Optical Terms and Principles
The alignment telescope is "just" a telescope, with a very straight line of sight. It must be mounted in some sort of base to hold it horizontally or vertically (we have all sorts of bases). Sometimes it has built-in micrometers for making measurements, but not always. Sometimes it is really just a telescope!
One step "up" from an alignment telescope is a level. The most important thing about a level is that it is a telescope on a rotating base, which allows the telescope to rotate back and forth in the azimuth (horizontal) direction only. Further, this type of instrument is optimized for easy and quick adjustment of the telescope so that the line of sight becomes perfectly level.
Everyone has seen a transit-type instrument at some point. Surveyors use them outside to make measurements on roads and buildings. The most important thing about a transit is that it has a telescope on a gimballing mechanism, so it can rotate back and forth horizontally (azimuth direction), but it can also rotate up and down (elevation direction).
However, it is worth explaining the general difference between our transits and those used by surveyors. Optical Tooling transits have a number of modifications to make them deadly accurate when shooting over distances which, to a surveyor, would seem short (less than a hundred feet). For example, our telescopes have an extremely straight line of sight. This means that as you focus from near (2" from the objective) to far, you are "moving" in a very, very straight line. Also, the vertical and horizontal axes of our transits meet at exactly the same point in space, along with the transit's line of sight. Not only that, but all of these lines and axes are at 90° to each other (mutually orthogonal). This is one of the fundamental characteristics of our instruments that allows us to evaluate geometric relationships of other things. Finally, our 76-RH transit has an infinity-focused telescope mounted in the horizontal cross-axis around which the main telescope turns. We'll see why this is, later in our discussion.
Of course, there are a lot of other instruments and accessories (collimators, mirrors, stands, bases, targets, scales, and so on), but the three basic types of instruments above are the workhorses of Optical Tooling.
The telescope of each Optical Tooling instrument contains a reticle - or crosshair - which defines the center of the line of sight for that telescope. When you look into a telescope, you see the reticle "superimposed" upon a distant image - whatever image you have the telescope focused on. The reticle is split into two different halves; one half has a single "wire", the other has a double "wire". This configuration makes it much easier to visually align the reticle with other images (ex., optical targets and reticle images reflected from mirrors). [Interesting tidbit: in the old days, we used to use threads from black widow spider egg nests to make our crosshairs. No lie!]
From an optical standpoint, light rays coming from an "infinite distance" are all parallel to each other, or collimated (see the next topic).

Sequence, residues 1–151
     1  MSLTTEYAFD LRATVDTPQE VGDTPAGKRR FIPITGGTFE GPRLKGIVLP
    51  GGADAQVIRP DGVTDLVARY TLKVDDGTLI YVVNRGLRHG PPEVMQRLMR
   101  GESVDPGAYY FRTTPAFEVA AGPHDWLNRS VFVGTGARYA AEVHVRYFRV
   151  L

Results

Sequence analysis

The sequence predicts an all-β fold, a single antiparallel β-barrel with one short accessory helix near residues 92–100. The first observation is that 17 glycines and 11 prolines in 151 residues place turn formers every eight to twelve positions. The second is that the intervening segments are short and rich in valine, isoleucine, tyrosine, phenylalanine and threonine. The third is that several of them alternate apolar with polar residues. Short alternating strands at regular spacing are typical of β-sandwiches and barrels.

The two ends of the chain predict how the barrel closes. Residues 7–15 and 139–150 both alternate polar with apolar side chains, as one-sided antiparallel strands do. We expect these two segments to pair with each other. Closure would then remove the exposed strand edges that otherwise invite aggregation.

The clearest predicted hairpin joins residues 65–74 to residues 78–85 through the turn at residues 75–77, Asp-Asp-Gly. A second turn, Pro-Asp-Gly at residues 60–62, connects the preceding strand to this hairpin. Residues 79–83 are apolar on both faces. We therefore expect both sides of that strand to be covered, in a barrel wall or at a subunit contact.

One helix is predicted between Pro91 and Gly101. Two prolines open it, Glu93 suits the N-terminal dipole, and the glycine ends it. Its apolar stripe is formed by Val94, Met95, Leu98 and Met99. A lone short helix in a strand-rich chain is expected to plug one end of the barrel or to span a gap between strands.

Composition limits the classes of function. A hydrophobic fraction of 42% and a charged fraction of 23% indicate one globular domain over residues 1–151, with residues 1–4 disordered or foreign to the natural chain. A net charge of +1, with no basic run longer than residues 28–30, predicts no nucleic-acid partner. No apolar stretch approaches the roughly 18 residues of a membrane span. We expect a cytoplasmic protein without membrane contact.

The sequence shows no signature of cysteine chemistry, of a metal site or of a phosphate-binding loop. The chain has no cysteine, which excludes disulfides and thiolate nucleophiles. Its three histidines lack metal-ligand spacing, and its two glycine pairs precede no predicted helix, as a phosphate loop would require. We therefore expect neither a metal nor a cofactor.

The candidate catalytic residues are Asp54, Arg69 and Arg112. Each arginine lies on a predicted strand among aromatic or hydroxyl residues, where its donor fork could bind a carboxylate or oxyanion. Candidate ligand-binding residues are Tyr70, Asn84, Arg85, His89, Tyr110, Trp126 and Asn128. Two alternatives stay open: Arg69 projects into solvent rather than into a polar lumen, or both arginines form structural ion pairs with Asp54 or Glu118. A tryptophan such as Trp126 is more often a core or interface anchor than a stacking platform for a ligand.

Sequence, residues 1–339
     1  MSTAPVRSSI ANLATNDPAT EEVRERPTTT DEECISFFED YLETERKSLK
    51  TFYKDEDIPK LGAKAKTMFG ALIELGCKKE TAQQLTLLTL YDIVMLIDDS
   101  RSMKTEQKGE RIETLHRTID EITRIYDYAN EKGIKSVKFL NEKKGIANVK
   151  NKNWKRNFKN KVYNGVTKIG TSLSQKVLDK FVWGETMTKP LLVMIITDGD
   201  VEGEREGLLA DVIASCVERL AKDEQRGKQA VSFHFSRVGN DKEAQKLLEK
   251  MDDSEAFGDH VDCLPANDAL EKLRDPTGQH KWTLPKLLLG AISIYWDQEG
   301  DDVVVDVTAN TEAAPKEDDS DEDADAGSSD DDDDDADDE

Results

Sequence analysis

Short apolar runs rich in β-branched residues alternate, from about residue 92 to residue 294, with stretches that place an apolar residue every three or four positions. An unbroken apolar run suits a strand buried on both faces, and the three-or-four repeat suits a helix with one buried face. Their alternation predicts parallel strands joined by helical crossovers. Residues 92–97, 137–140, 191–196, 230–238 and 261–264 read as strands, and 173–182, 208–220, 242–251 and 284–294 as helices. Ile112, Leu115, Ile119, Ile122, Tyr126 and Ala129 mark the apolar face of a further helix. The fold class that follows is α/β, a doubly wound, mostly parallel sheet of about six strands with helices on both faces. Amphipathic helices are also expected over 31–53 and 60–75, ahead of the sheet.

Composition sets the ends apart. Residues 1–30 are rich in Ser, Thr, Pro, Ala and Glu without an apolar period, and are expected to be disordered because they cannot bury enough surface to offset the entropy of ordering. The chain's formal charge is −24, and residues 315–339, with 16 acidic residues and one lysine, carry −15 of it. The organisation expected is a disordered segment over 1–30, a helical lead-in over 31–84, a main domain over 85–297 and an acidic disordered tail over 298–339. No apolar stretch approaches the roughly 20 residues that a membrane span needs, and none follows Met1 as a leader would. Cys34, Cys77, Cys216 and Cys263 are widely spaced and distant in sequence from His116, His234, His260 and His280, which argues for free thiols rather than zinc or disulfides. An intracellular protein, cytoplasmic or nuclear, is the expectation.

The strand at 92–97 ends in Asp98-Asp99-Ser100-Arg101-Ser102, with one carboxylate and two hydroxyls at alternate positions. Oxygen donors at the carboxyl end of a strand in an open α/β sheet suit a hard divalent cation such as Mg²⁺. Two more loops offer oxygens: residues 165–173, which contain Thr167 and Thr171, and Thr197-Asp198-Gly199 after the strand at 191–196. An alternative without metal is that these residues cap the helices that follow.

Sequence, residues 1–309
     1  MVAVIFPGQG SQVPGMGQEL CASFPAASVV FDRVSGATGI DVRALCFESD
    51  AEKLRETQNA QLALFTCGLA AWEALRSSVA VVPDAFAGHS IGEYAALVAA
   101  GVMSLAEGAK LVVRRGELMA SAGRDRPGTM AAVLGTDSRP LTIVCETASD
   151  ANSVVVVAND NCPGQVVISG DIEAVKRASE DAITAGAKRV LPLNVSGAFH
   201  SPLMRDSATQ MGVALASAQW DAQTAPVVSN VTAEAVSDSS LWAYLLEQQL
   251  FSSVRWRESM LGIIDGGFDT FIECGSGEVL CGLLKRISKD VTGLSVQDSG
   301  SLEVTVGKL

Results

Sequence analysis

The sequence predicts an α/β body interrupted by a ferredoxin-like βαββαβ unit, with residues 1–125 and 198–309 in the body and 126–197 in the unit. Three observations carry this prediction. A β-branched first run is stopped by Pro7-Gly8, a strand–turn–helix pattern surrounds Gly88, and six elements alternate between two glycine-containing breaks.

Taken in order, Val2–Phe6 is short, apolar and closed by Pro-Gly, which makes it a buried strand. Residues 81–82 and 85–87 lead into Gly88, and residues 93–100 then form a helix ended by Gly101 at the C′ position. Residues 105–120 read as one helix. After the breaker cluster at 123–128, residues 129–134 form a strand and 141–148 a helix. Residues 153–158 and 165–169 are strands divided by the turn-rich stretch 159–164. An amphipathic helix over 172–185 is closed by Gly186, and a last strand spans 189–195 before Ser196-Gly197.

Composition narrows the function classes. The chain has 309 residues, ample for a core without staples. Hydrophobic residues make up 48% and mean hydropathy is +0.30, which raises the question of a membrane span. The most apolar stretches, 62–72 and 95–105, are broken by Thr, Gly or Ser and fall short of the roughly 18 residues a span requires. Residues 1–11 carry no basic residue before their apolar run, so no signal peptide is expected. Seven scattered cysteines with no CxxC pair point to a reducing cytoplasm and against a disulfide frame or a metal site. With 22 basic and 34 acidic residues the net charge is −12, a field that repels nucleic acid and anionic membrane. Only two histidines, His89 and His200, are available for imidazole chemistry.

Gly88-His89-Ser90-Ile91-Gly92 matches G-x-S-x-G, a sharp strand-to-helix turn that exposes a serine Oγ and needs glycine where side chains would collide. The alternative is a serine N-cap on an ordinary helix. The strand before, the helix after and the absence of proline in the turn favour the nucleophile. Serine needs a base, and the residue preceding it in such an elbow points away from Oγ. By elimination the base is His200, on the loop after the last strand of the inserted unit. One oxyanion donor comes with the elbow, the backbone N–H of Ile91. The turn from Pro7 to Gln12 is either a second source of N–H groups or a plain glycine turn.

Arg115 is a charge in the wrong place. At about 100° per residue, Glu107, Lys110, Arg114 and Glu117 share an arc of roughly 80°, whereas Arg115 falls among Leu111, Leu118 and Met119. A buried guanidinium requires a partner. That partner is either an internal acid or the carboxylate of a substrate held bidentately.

Parallel light rays are said to be "collimated." When a telescope is "focused at infinity", it means that only parallel light rays which are entering the telescope will be clearly seen by an observer looking into the eyepiece. Remember that for our purposes, objects that are farther than about 100′ will have light rays which are sufficiently parallel to be in focus. When the telescope is focused in this manner, images from closer than "infinity" are not viewable (out of focus).
And did you know that a telescope could work backwards? No, we don't mean looking into the big end so that your coworkers look like ants. We mean that if you put a light near the eyepiece, you can shine light rays back out the big (objective) end. This means that if you illuminate the reticle of an instrument which is focused at infinity, it projects collimated light rays out the front.
"So what?", you might say. Well, when these collimated rays are viewed with a second telescope which is also set at infinity focus, you can see an image of the illuminated reticle of the first telescope. If the second telescope is aimed precisely at the "incoming reticle image", you can exactly superimpose the first (projecting) telescope's reticle image over the actual reticle of the second telescope, and the lines of sight of the two telescopes are established as parallel.
Remember that parallel doesn't mean that the lines of sight travel down the exact same path in space (if they did, they would be collinear). The lines of sight are exactly parallel (which is very useful for transferring reference lines) but they are not collinear - they are more like railroad tracks. [Tidbit: if you want to make the lines of sight collinear, you can do that too. All you need to do it is read on…]
Well, now that you have made the lines of sight of two telescopes parallel by collimating them, you can take it one step further if you'd like. Picture two telescopes pointing at each other, both focused at infinity, and collimated. As we've discussed, if you look into either telescope, you should see two reticle images. One is in the near telescope (the one you're looking into), and the other is in the far telescope. However, if you were to focus both telescopes, say, on a piece of paper held up about halfway between the instruments, the reticles would no longer be superimposed - unless you were incredibly lucky, that is. Remember that the lines of sight are parallel but not necessarily "superimposed" upon each other. However, there is a procedure that you can use to superimpose the reticles at this near shot while the instruments are still collimated at infinity. (We call it a "near shot" because the telescopes are focused closer than infinity.) After performing this procedure, the lines of sight become collinear. They're not just parallel any more - they actually exist along the exact same line in space.
Why would you do this? Well, most of the time the transfer of a reference line requires only collimation. But sometimes, if you can't see both sides of an object, or if you are trying to transfer a particular horizontal or vertical plane in an area where visibility is restricted, the technique of collineation can be just the thing to use.